Q & A with Dr. Lorne Zinman, director of Sunnybrook’s ALS clinic, which is the largest of its kind in Canada. Dr. Zinman is also an associate professor at the University of Toronto and associate scientist in the Hurvitz Brain Sciences Research Program.
How is focused ultrasound used to open the blood-brain barrier in patients with ALS?
The blood-brain barrier (BBB) is different from other blood vessels in the body. For example, liver or kidney capillaries are porous, so molecules in the blood can exit.
Think of the BBB as a tight hose, which limits compounds from leaving in the bloodstream. It is an evolutionary protective mechanism that prevents drugs, toxins, or micro-organisms that can cause infections from leaking out and entering the brain and spinal cord. The problem is, it also prohibits us from getting therapeutics into the brain, and that’s why the technique of using low-intensity focused ultrasound to open the BBB is so revolutionary. It provides us with a temporary window whereby an experimental ALS therapeutic can enter the central nervous system and target the motor neurons that are degenerating.
By using low intensity focused ultrasound waves and microbubbles that are injected into the bloodstream, we are able to disrupt the BBB, and temporarily open it. As the research continues, we will be able to couple this novel BBB opening technique with the intravenous administration of our most promising ALS therapies.
Currently, we are investigating the safety and efficacy of opening the BBB over the motor cortex in patients with ALS which is a world first phase 1 trial.
What was it like to accomplish this world first?
Along with our outstanding fellow Dr. Agessandro Abrahao, it is exciting to be able to share our enthusiasm for this project with patients and discuss how the research is progressing. We take great pride in being a part of a world-class team of experts at Sunnybrook including Drs. Nir Lipsman, Kuellervo Hynynen, Isabelle Aubert, Carol Shuurmans and Sandra Black. They truly are a multidisciplinary all-star team.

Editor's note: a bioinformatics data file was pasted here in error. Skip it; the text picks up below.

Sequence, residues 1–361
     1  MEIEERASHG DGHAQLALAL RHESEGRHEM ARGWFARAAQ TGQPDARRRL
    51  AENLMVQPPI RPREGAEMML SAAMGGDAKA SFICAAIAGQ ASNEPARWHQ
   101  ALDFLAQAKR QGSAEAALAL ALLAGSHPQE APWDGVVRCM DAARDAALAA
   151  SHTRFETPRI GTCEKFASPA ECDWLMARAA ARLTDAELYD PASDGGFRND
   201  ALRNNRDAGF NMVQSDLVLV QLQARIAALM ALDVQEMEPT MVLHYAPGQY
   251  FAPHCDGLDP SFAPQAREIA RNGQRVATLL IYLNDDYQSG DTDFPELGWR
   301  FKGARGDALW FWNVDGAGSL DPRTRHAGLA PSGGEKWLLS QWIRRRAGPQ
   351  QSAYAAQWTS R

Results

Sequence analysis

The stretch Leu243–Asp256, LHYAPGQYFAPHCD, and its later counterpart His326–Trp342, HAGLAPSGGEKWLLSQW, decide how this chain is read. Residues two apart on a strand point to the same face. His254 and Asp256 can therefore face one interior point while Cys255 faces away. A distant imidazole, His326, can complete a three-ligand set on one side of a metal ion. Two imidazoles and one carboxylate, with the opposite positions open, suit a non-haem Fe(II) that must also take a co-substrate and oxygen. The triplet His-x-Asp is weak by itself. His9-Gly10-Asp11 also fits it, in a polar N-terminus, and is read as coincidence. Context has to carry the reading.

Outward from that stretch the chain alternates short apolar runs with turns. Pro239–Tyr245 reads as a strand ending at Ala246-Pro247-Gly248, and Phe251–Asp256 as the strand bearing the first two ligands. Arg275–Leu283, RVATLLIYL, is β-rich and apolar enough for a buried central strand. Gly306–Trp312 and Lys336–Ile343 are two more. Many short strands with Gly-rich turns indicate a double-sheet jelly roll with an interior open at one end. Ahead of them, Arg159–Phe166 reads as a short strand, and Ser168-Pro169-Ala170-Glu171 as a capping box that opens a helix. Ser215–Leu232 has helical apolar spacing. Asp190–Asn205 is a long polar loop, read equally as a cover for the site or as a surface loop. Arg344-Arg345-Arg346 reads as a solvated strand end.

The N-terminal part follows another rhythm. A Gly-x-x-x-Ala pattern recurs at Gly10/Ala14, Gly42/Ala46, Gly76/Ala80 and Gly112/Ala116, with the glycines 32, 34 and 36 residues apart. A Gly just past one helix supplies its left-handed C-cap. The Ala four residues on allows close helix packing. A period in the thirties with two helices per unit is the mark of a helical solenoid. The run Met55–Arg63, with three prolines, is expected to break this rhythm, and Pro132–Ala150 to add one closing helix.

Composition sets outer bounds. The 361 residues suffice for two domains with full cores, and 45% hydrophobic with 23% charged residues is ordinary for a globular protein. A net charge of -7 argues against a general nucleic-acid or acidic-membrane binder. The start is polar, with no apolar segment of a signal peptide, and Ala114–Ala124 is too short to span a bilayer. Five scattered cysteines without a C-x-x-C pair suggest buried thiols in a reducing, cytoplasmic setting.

It is inspiring for Agessandro and me to work with patients and families with ALS on a daily basis. We continue to be motivated by their bravery, intelligence and altruism. This phase I safety study includes no ALS therapeutic and there is potential risk, yet patients have eagerly volunteered to advance the science in an effort to help all patients with ALS.
Is focused ultrasound a game-changer?
It certainly could be in ALS. Before focused ultrasound (FUS), more invasive techniques to access the central nervous system such as surgery were used to access to the brain and spinal cord.
With FUS, we are investigating this as a non-invasive way of safely and temporarily opening the blood-brain barrier to access degenerating motor neuron in ALS.
It’s very exciting for our team to evaluate this innovative, cutting-edge technology in this untreatable neurodegenerative disease.
What does this mean for patients and their families?
Although this study represents a key first step, we are still in the earliest phase and we must prove that it is safe to open the blood-brain barrier over the motor cortex in patients with ALS.
If we can demonstrate safety and feasibility, we will have set the foundation to test a number of promising therapeutics targeting motor neurons in ALS. For now, it’s one step at a time, but with novel technologies like MRI-guided FUS, we think the future is much brighter for patients and families with ALS.
Phase 1 of this trial is open to Canadian residents and will involve eight patients with ALS who are 18 years and older. Patients cannot be taking anticoagulants and need to be able to tolerate lying flat in an MRI. Learn more about the trial and how to get involved »